The Congressional Budget Office (CBO) recently foreshadowed the Trustees’ latest concerns. CBO recently reported that Medicare spending will double, from last year’s $708 billion to $1.4 trillion by 2027. That growth will make Medicare the biggest driver of federal health care spending, dwarfing Medicaid, Obamacare subsidies, and outlays for the Children’s Health Insurance Program (CHIP). Furthermore, the Trustees estimate that Medicare spending, currently at 3.7 percent of the Gross Domestic Product (GDP), will rise to 5.9 percent of GDP by 2042. In fact, a more realistic alternative scenario projects that spending to reach 6.2 percent of GDP by 2042.

In short, Medicare spending will grow faster than workers’ wages, the rate of inflation, the general economy and all other health care spending. This massive increase, financed by progressively larger drawdowns of general revenues from the Treasury, will gobble up increasingly large chunks of the federal budget. In this connection, the Medicare Payment Advisory Commission (the panel that advises Congress on Medicare reimbursement) recently observed, "With their reliance on general tax dollars and deficit spending, Medicare and other major federal health care programs have a substantial effect on the federal debt."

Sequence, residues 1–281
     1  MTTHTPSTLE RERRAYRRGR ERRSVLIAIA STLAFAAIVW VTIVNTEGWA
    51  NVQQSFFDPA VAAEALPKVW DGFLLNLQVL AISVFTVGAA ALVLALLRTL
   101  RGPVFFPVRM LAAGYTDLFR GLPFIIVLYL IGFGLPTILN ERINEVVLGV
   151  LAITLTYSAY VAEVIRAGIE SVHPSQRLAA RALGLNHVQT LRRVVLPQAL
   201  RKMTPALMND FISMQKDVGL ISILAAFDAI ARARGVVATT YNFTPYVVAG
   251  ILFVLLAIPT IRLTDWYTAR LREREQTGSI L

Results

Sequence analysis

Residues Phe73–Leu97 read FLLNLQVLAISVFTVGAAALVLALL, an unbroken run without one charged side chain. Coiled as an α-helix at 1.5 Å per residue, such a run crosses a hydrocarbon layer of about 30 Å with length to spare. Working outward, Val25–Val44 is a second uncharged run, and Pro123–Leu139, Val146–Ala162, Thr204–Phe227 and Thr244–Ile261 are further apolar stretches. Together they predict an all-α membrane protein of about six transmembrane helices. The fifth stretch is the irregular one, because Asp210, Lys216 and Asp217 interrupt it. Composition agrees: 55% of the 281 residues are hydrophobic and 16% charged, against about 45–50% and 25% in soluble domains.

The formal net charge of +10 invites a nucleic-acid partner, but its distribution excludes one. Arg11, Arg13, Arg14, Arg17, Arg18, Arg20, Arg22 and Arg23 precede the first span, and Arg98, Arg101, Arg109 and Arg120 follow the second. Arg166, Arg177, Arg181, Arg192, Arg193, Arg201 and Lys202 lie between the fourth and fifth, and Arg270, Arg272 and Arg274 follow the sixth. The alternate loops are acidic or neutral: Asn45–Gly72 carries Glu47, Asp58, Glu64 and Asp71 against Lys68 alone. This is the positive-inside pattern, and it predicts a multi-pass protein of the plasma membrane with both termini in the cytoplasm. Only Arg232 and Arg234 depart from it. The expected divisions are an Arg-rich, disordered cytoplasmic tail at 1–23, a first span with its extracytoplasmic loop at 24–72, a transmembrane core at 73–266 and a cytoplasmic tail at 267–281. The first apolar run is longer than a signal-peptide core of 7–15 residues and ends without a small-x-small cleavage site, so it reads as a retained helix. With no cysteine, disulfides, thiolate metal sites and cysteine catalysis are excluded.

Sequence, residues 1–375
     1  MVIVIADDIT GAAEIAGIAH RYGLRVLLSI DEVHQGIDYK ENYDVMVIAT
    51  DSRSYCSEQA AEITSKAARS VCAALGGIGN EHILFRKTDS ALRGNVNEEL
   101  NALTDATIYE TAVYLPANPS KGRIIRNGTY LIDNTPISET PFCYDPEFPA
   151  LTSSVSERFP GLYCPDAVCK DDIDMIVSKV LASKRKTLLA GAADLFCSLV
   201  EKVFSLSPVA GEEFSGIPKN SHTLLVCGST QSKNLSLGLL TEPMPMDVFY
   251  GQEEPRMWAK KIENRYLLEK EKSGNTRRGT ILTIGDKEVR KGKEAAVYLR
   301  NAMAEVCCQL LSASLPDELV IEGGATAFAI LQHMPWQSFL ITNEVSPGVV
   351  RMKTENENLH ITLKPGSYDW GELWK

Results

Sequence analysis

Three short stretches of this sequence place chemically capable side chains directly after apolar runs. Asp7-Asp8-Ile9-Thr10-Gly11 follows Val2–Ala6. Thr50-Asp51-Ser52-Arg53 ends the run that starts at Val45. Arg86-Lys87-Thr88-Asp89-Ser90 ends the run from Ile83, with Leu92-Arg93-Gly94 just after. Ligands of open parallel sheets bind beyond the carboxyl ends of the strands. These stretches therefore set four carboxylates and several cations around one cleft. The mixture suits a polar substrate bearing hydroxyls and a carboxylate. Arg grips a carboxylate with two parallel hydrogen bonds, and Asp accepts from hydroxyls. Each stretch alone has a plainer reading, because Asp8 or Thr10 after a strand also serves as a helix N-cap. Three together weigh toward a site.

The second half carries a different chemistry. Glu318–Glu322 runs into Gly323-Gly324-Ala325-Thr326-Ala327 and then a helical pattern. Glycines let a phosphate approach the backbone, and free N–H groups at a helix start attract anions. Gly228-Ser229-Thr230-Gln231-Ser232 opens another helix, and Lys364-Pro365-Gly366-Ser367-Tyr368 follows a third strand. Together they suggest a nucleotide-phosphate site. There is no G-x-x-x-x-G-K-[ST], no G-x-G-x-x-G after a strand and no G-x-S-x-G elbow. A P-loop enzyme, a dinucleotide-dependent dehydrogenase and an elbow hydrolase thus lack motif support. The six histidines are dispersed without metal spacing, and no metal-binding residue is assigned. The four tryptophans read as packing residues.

Federal entitlements, especially Medicare, are contributing to the return of annual trillion dollar deficits in the near future and the growth of the national debt. The CBO paints a very large and very grim picture. As a percentage of the national economy, the debt is growing. CBO projects that the national debt will increase from seventy-seven to eighty-nine percent of GDP by 2027, and, assuming no change in the current law, the debt will be 150 percent of the GDP by 2047. Ominously, the CBO warns that this would be the “highest” level of debt in American history stating, “Such high and rising debt would have serious budgetary and economic consequences.” In other words, a full-scale fiscal crisis, skyrocketing interest rates, and an economic meltdown.

Tightening Medicare’s complex system of price controls or further reducing Medicare payments to doctors and hospitals is a tired formula for failure—and one that threatens the welfare of Medicare beneficiaries.